Japanese carmaker Toyota, which has operated in Vietnam for two decades, began to ask the Vietnamese government for more incentives and support earlier this month, or the firm will consider putting an end to its operations in the country.
The problem is that, according to a senior Vietnamese state official, Toyota has failed to achieve targeted localization rates with the current incentives it has been enjoying before asking for more preferential treatment.
The current localization rate ranges from 20 to 37 percent, depending on what types of vehicles the Japanese carmaker is assembling at its plant in the northern province of Vinh Phuc, Toyota said in a document it sent to a meeting between Japanese and Vietnamese state officials in April to seek further incentives.
The Japanese company requested such incentives as a series of tax breaks and state financial support for locally assembled cars and their manufacturers so that it can increase the localization rate and open new factories in Vietnam.
Without them, the document said, Toyota Vietnam will reduce annual production capacity from the current 40,000 units to just 13,000 units by 2020, and halt all operations completely in the five following years.
Only Innova has topped the targeted localization rate
Thanh Nien (Young People) newspaper last Thursday quoted Deputy Minister of Industry and Trade Tran Tuan Anh as mentioning Toyota’s demands at a press conference after meeting with Japanese officials in Hanoi, stressing that the automaker has failed to achieve what it pledged when beginning to pour money into Vietnam.
Toyota started investing in Vietnam in 1995.
Though he did not comment directly on the proposal detailed in Toyota’s document as the firm did not send an official document to the ministry, Deputy Minister Anh said the carmaker is a foreign-invested enterprise which joined the national strategic development plan for the Vietnamese automotive industry from the beginning.
In the framework of the firm's investment license, Toyota has enjoyed preferential treatment in many areas including taxation by the government of Vietnam for many years after committing to achieve several development goals when operating in the country, including a 30 percent localization rate after the first 10 years, he said.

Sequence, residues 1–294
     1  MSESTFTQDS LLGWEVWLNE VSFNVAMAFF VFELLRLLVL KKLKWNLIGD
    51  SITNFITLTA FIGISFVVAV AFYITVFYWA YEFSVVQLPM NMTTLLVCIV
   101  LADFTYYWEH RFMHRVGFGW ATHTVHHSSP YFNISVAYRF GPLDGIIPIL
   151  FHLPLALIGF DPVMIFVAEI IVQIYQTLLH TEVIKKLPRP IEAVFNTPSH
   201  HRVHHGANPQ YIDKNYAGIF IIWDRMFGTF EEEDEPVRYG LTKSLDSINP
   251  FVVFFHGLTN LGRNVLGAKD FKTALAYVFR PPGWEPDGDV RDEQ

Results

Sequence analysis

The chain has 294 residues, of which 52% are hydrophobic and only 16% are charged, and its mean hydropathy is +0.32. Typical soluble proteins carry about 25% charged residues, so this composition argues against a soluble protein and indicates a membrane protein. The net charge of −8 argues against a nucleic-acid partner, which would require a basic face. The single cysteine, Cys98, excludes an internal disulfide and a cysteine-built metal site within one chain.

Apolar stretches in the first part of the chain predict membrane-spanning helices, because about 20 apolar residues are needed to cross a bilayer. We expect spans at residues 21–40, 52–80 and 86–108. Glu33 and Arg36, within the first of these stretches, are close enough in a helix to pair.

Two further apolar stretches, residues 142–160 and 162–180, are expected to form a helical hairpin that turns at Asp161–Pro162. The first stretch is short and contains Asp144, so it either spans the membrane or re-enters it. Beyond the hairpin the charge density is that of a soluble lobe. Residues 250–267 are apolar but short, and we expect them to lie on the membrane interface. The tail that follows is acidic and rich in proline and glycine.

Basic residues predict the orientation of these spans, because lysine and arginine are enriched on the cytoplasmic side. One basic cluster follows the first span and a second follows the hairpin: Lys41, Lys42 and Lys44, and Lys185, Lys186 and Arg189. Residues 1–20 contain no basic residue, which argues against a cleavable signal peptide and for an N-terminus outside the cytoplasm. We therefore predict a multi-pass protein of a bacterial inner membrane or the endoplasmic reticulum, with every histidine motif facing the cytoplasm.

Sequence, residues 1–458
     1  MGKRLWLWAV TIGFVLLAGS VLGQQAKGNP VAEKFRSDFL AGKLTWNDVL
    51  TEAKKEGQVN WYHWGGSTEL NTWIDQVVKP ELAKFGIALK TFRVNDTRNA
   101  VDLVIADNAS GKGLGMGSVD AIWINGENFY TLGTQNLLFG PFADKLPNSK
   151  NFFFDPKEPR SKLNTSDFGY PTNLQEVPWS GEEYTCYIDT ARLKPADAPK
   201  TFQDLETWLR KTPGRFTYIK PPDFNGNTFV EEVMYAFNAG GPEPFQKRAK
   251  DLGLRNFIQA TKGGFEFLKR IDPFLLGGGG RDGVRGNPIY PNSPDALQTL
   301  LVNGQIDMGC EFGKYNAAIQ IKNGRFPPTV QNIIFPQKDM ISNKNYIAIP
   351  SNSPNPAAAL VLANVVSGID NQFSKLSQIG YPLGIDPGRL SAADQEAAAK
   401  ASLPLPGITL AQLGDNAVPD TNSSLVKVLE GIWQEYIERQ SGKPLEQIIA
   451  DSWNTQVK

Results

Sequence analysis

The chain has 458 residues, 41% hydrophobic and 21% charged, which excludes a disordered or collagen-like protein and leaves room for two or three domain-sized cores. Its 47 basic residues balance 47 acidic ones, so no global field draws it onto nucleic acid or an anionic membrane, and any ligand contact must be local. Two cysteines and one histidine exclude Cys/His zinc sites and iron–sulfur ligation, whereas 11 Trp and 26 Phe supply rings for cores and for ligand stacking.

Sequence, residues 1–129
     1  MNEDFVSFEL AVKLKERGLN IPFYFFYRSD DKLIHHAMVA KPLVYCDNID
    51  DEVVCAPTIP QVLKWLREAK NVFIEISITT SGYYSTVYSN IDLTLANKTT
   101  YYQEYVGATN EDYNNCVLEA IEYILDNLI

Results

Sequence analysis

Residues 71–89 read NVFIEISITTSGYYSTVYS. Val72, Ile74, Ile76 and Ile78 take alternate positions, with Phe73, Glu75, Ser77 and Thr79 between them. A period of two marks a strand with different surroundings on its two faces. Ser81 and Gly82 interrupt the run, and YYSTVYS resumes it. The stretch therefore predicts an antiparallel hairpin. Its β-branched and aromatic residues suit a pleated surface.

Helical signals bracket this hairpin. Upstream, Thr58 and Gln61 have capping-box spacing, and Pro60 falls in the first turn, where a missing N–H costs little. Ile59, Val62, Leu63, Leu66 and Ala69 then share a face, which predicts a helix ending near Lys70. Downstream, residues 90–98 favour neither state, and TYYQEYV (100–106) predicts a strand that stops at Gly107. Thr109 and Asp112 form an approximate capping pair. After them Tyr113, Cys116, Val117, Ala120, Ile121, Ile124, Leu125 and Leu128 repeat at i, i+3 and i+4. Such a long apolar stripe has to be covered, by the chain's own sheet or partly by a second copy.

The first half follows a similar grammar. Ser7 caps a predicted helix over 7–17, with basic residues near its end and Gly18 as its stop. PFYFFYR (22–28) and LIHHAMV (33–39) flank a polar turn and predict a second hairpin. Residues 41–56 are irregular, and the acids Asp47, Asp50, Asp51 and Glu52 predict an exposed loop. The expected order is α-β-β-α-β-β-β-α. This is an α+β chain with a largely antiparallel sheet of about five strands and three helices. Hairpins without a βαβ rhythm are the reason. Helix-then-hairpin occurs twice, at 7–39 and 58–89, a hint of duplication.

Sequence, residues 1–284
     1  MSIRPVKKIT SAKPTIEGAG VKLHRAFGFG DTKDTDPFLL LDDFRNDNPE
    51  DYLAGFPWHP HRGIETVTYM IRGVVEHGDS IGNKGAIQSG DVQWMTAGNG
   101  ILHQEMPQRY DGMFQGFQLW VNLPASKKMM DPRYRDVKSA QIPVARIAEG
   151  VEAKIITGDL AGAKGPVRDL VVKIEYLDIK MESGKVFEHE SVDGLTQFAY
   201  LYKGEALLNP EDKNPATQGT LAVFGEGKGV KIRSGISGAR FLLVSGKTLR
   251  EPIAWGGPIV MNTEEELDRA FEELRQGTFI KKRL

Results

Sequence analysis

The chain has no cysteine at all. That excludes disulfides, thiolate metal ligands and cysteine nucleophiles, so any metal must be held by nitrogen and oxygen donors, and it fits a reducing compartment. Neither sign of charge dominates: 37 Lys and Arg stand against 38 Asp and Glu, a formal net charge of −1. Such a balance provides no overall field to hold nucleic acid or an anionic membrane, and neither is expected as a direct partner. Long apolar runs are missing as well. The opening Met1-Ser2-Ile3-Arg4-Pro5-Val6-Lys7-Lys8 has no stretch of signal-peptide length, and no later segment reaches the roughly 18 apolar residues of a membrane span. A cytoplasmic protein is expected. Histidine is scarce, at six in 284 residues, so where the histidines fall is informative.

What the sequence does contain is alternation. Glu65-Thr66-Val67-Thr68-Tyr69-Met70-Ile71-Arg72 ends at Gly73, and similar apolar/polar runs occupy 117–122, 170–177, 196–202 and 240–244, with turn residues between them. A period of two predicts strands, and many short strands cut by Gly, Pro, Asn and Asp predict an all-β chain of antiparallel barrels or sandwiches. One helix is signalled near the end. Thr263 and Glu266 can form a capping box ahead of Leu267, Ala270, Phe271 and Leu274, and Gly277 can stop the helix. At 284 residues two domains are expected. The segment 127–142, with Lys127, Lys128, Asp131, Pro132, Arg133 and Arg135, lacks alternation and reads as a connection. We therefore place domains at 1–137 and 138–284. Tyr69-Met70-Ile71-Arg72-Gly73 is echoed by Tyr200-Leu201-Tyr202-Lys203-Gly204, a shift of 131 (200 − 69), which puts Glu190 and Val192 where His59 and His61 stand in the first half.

News website VnExpress has found out that among the five types of cars Toyota makes in Vietnam, only the Innova line has the localization rate of over 30 percent.
The rate for the remaining four is below 30 percent, the site said.
Toyota has not reached a high rate for local content, and has yet to achieve the objective as set out in the license, Deputy Minister Anh added.
As a foreign automotive business developing in a certain market, Toyota has so far achieved many positive results, including the profits it has earned for the past several years, he added.
In its attempt to ask for more incentives, Toyota wanted a drop in the special consumption tax on vehicles produced domestically.
There will be two scenarios, as proposed by Toyota: a 20 percent discount on the price on which the excise special consumption tax is based, or a reduction from 45 percent to 35 percent.
Toyota also suggested reducing import duties on CKD car components imported from Japan from the current rate of 15-25 percent following World Trade Organization commitments to 0 percent, which is equal to the tax rate for those shipped from ASEAN starting in 2018.
CKD cars are vehicles that are assembled locally, with all of the major parts, components, and technology imported from the country of their origin.
In September last year, the Vietnam Association of Automobile Manufacturers, of which the president of Toyota in Vietnam, Yoshihisa Maruta, is the chairman, began to seek incentives with the proposal for a reduction of about 10 percentage points in the special consumption tax.
But back then the Ministry of Finance said no to the proposition, adding that Vietnam does not have a policy to subsidize car production.
The most noticeable suggestion in Toyota’s latest bid is a request for government subsidies in the form of financial support for locally assembled vehicles equivalent to 50 percent of the price difference between imported cars, or completely built units (CBUs), and CKD cars.
According to calculations by Toyota, CKD cars will be around 20-25 percent more expensive than CBUs in 2018 when import tariffs for cars made within ASEAN are to be fully exempted.
As a result, Toyota recommended that government subsidies should be worth around 10-12.5 percent of the price difference between CKD cars and CBUs.
ASEAN stands for Association of Southeast Asian Nations, including Indonesia, Malaysia, the Philippines, Singapore, Thailand, Brunei, Cambodia, Laos, Myanmar, and Vietnam.
The ASEAN bloc aims to establish an EU-style economic community by the end of this year, with tax exemptions for many goods and commodities circulated among the members.
An official of the Department of Heavy Industry under the Ministry of Industry and Trade told Thanh Nien that the number of cars assembled by Toyota in 2014 was 35,000 units.
Given the financial support package Toyota wants, it will be a very big sum of money, and Vietnam does not have supportive policy for such an enterprise, he said.
The subsidy plea also violates the principle of equal treatment in the World Trade Organization, he added.
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